Click here for the results of the CPNet Poll: Aids On Campus
AIDS. The black plague of the '90s. Sure to stop a conversation at any party. Or is it?
College students today are among the first generation to have grown up with AIDS and HIV as an accepted fact of life. And although it's still a heavy topic, it's nowhere near the taboo subject it was a few years ago.
Tom O'Neill, a sophomore at the University of Virginia, says AIDS is still in the back of students' minds. "I think the hysteria of AIDS has died off but not the fear," he says. "It's been around so long but people are still scared of it and recognize it as a danger."
Fellow University of Virginia sophomore Pichenda Bao has a grimmer perspective. The 19-year-old Bao sees her friends having unsafe sex and not always thinking about the consequences. "I definitely see people have lots of sex and not realize the risks they put themselves in," Bao says. "A lot of it deals with the fact that we're young, in college and we think we're invincible."
As for whose responsibility it is to carry the condom... O'Neill believes it should fall on both men and women. "You're basically trusting your life and health to the other person," he says. "This shouldn't be about sex roles in society, it's about self-preservation."
In a recent poll conducted by CPNet, 50 percent of those who responded say they "always" practice safe sex. On the other hand, those answering "never" or "sometimes" to the question make up almost 40 percent.
If 100 percent of students could honestly answer "always" to the question of safe sex, Alfred Giosa's job would be a lot easier. As the primary AIDS counselor at New York University in Manhattan, Giosa has tested and advised nearly 1,300 students of every race, gender and sexual persuasion over the last 18-months. Giosa himself has had friends die from AIDS, so he pulls no punches when telling students about the risks and consequences of the disease.
Where you live has a lot to do with your risk for contracting HIV. Students in New York have a higher chance of getting infected than say -- students in Columbus, Ohio. New York itself accounts for nearly 20 percent of the overall AIDS cases in the U.S. Five states combined - New York, California, Florida, Texas and New Jersey - house nearly 60 percent of the nations reported AIDS patients.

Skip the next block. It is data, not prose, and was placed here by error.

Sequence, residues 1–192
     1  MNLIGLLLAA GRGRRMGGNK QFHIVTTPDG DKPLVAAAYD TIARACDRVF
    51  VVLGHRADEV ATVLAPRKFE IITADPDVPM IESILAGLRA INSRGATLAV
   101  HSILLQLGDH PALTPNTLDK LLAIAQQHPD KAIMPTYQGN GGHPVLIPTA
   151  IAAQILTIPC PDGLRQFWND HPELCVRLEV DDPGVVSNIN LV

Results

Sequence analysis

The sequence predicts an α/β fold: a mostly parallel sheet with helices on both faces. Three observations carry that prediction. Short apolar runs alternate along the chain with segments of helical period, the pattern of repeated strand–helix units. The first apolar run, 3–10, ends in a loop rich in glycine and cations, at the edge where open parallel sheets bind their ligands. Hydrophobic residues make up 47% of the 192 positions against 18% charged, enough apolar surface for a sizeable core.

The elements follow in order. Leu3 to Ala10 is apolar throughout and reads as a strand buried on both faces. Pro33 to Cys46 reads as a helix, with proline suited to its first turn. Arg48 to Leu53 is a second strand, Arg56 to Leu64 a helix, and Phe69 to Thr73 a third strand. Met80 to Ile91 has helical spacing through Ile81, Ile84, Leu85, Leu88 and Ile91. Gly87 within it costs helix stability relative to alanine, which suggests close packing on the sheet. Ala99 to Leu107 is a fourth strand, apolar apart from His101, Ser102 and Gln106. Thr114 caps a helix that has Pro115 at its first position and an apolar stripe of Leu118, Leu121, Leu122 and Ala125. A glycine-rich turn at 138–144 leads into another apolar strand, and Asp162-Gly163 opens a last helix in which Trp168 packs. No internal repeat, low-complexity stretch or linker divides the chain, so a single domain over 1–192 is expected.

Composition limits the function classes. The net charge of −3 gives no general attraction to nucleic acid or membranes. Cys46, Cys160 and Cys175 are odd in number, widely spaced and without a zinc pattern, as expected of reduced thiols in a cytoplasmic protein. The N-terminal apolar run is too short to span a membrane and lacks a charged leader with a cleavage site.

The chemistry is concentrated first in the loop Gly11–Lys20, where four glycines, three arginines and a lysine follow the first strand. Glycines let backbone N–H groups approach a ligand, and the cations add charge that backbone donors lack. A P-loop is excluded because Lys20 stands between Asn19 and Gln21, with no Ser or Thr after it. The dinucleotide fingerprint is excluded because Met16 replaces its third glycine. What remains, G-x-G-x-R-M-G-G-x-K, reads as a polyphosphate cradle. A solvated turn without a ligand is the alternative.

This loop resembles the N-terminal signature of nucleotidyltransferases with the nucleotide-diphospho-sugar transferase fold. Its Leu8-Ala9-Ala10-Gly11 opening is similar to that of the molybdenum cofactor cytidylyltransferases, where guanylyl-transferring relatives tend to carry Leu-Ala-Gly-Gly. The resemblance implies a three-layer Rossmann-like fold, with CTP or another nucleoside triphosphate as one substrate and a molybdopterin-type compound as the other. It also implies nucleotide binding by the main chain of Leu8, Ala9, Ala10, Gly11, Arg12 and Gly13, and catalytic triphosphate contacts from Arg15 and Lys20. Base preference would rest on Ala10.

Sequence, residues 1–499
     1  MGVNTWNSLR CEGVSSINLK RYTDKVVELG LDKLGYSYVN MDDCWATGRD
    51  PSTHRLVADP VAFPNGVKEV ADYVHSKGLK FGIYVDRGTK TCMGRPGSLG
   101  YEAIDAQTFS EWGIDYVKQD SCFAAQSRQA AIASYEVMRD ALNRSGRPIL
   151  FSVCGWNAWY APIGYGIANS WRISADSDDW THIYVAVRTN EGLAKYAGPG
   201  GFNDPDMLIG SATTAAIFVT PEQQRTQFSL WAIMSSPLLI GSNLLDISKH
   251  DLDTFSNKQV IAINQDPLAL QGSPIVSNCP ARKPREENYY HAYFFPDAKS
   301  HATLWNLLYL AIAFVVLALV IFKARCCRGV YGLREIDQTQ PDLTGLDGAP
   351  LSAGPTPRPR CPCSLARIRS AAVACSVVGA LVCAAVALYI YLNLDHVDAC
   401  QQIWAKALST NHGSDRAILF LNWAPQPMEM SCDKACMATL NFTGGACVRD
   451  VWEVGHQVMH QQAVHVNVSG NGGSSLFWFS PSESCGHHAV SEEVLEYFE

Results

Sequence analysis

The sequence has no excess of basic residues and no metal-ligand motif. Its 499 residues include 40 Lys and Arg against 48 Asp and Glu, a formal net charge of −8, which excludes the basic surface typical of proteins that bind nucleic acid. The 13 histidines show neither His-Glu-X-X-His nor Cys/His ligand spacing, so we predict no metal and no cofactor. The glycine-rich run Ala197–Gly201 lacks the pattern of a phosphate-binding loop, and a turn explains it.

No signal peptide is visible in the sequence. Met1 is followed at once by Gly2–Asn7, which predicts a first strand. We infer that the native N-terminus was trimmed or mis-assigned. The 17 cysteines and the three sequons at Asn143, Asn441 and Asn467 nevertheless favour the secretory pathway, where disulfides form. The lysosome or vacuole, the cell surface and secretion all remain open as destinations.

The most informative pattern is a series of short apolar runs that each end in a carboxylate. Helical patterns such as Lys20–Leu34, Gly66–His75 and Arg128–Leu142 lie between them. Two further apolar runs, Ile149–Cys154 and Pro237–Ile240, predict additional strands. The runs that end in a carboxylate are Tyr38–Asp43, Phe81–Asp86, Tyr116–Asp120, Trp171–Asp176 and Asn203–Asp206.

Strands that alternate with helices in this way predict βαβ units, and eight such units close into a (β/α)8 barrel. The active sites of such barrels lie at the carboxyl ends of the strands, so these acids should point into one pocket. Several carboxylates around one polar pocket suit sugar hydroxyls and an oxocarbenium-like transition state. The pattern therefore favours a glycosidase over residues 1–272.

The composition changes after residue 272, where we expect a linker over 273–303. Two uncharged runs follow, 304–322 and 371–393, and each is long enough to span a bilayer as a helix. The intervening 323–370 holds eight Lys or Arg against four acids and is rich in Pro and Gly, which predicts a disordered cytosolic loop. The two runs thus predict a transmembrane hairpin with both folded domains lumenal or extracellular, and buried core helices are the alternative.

Still, students in high-risk areas aren't as exposed to people infected with AIDS as they once were, says Jane Bogart, NYU's director of the Center for Health Promotion. For this reason, she says, students don't feel the immediacy of the AIDS epidemic. "In New York you were hard pressed in the late '80s and early '90s to walk down the street and not see somebody with AIDS."
Students are more concerned about getting herpes, according to Bogart, because the symptoms can show up almost immediately and condoms can't protect them from being infected.
While he wouldn't say students have gotten cavalier in their attitudes towards AIDS, Giosa did say that many young people suffer from misinformation and a false sense of security. "Straight men believe it can't happen to them." He continues, "There's still the thought that, 'I'm white, I'm straight, I'm a man, it can't happen to me."
When former NBA star Magic Johnson announced that he was infected with HIV, the heterosexual population took notice. But since the virus still disproportionately affects gay men, educators are constantly fighting against stereotypes that say AIDS is a "gay disease."
San Francisco has long been regarded as the nation's most "gay friendly" town. The homosexual community there is outspoken and educated, but still has a higher-than-normal risk of contracting sexually transmitted diseases.
For Harry Williamson, a 19-year-old freshman at San Francisco's Golden Gate University, HIV testing has become a late-'90s form of foreplay.
While testing may be more common for the gay community, O'Neill says he also sees heterosexual couples rushing into sex without getting tested first. "Intercourse usually gets consummated early in a relationship, but the trust factor comes much later. Anything goes in love and war, and rationality goes out the window."
School counselors like Giosa and Bogart are doing everything they can to make safe sex and AIDS awareness foremost on students' minds. NYU's safe sex programs aim to have fun with the issue and promote interaction. One recent campaign spoofed the recent popular "Austin Powers" movie with the motto "The Spy Who Safely Shagged Me."
In the end, what it all comes down to, says Giosa, is education and proper choices. He says students should feel free enough to talk about sex -- and encourages schools and families to address the fact that kids are going to have sex, regardless. In turn, they should give them the information they need to protect themselves.
"We all have sex," Giosa says. "There's nothing wrong with that. We just don't always make good decisions."